Yesterday, the Supreme Court struck down part (but not all) of the Arizona immigration law. That gobbled up a lot of the news cycle.

Buried beneath that story was another dramatic decision. The Supreme Court also issued its opinion in Miller v. Alabama, ruling that it is unconstitutional for a state to use a mandatory sentencing scheme which mandates life without parole sentences where the defendant was a juvenile at the time of the crime. This affects a lot of cases– 29 states and the federal government have such sentencing schemes.

Unfortunately, initial reports (over the AP wire and elsewhere) said that all JLWOP sentences were struck down, but that is not true. Sentences where the judge or jury had other options available (such as life with parole) seem to survive this decision.

My commentary on this important can be found over at the motherlode of sentencing info, Doug Berman’s Sentencing Law and Policy blog.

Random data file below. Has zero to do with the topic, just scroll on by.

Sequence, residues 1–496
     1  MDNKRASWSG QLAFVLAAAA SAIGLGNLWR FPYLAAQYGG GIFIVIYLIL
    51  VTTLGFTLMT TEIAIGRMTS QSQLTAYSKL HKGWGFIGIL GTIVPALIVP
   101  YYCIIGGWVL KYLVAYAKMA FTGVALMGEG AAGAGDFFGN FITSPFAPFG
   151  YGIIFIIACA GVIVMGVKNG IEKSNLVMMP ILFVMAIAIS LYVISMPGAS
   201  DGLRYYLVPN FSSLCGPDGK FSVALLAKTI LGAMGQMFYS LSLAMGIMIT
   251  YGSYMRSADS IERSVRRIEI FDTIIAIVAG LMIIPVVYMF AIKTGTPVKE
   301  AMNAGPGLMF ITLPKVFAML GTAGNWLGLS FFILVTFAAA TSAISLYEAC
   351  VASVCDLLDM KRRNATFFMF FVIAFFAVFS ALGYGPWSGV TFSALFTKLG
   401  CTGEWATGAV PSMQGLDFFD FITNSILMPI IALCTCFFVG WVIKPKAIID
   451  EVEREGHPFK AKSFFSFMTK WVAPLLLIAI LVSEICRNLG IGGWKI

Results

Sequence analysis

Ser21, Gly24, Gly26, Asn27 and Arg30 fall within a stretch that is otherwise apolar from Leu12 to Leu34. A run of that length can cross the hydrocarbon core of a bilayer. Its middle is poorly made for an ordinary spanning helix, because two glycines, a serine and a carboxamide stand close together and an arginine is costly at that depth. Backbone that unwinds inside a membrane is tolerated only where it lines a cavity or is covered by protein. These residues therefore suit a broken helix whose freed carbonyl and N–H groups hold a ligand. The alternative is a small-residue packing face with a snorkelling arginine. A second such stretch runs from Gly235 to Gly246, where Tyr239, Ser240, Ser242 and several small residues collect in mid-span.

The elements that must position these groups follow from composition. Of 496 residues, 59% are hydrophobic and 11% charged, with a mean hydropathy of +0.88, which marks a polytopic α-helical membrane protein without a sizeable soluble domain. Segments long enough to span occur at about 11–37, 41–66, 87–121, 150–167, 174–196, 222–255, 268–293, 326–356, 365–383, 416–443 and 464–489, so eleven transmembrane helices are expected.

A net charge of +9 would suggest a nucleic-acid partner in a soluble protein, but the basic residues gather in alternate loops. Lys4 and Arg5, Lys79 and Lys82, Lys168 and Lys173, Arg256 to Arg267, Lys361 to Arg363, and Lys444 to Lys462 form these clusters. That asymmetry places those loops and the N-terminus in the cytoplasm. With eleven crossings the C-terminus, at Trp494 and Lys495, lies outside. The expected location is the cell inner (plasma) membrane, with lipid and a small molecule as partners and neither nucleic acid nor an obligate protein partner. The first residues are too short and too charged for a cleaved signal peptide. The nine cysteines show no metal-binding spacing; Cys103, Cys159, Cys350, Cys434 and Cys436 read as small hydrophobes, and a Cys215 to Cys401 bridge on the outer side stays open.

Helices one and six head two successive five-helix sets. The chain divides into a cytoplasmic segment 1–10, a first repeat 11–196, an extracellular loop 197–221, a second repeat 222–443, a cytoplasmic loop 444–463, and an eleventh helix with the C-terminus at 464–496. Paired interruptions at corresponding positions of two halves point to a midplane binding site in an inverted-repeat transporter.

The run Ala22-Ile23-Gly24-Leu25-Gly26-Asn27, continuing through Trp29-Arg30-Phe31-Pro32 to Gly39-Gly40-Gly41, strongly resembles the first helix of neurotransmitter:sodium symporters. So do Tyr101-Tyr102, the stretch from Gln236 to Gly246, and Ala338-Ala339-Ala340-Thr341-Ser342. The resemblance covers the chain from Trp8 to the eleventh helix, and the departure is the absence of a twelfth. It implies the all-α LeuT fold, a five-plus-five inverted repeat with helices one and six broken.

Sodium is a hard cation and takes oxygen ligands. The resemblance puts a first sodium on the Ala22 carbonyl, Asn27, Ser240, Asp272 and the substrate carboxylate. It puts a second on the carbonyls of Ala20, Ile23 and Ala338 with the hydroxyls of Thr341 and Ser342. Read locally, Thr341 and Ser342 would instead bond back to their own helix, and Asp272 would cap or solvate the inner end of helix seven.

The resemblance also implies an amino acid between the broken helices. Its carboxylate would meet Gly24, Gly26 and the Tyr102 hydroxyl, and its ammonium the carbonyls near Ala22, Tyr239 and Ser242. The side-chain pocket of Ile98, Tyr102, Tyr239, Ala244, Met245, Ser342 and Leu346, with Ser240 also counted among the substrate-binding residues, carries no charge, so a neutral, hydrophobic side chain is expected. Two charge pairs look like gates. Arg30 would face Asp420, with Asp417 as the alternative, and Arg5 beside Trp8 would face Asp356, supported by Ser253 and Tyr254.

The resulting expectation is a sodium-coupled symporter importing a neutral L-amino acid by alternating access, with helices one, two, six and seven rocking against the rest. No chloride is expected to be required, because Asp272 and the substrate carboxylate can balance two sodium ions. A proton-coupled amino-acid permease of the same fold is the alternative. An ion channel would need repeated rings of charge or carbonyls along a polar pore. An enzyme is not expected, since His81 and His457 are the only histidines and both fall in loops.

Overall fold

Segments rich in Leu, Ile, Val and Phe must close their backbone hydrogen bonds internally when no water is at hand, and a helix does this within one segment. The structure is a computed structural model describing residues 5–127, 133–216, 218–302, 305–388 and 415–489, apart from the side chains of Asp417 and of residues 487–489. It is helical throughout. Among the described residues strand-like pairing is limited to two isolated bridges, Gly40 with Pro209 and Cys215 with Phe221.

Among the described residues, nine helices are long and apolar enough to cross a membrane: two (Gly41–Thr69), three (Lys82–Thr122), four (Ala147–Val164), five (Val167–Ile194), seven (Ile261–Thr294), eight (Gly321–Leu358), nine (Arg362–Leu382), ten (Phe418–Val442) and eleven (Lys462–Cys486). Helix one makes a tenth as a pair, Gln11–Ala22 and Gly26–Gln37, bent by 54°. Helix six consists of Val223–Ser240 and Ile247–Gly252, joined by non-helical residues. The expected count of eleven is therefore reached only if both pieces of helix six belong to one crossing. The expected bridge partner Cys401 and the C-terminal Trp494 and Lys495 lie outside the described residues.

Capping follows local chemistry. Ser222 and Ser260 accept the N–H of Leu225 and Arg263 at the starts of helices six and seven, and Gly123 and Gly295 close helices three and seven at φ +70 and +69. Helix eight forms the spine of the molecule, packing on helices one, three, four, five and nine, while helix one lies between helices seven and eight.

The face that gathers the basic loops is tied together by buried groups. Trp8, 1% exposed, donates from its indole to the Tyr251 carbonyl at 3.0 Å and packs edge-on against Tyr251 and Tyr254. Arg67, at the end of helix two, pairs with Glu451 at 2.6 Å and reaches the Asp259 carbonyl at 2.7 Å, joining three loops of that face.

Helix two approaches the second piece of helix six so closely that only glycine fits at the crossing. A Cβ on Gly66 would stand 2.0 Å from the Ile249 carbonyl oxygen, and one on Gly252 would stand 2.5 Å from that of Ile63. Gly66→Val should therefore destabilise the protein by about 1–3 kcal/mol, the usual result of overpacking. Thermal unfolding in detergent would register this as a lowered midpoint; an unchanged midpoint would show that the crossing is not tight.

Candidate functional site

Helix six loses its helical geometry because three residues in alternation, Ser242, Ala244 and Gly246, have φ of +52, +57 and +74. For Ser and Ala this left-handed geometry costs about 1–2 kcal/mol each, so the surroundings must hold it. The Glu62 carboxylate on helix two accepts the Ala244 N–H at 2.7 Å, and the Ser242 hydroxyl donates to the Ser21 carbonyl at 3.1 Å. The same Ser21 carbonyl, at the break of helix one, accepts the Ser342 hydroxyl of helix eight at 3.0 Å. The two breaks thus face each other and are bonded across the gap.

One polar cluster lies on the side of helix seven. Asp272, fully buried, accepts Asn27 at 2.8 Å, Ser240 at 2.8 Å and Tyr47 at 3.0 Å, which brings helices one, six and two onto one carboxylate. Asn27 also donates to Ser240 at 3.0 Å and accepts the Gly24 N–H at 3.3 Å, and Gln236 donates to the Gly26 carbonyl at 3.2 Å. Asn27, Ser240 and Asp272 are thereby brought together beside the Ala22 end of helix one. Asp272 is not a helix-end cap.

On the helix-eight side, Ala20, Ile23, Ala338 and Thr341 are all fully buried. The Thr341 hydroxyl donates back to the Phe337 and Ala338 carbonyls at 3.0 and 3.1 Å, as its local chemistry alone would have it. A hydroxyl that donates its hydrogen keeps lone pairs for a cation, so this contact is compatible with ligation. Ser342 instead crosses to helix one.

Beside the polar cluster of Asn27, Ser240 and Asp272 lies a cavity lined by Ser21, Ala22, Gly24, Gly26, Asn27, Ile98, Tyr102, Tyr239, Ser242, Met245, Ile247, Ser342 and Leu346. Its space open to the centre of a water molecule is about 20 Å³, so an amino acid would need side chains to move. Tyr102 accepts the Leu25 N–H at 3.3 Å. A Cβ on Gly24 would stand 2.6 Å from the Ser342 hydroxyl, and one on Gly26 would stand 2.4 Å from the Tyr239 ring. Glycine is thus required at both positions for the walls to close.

Bryan Stephenson of the Equal Justice Institute summed up today’s ruling by the Supreme Court nicely,

“The court took a significant step forward by recognizing the fundamental unfairness of mandatory death-in-prison sentences that don’t allow sentencers to consider the unique status of children and their potential for change.  The court has recognized that children need additional attention and protection in the criminal justice system.” (more…)

The “unbelievable brutality” at Walnut Grove

Michael McIntosh

In 2010, the ACLU and the Southern Poverty Law Center filed a federal class-action lawsuit against GEO Group when reports emerged of sexual abuse, improper medical care, extended prisoner isolation, and violence among inmates at the Walnut Grove Youth Correctional Facility located near Jackson, Mississippi.  Earlier this year, a settlement in the case required the state of Mississippi to remove all youth from the Walnut Grove facility. 

Unfortunately, the damage was already done.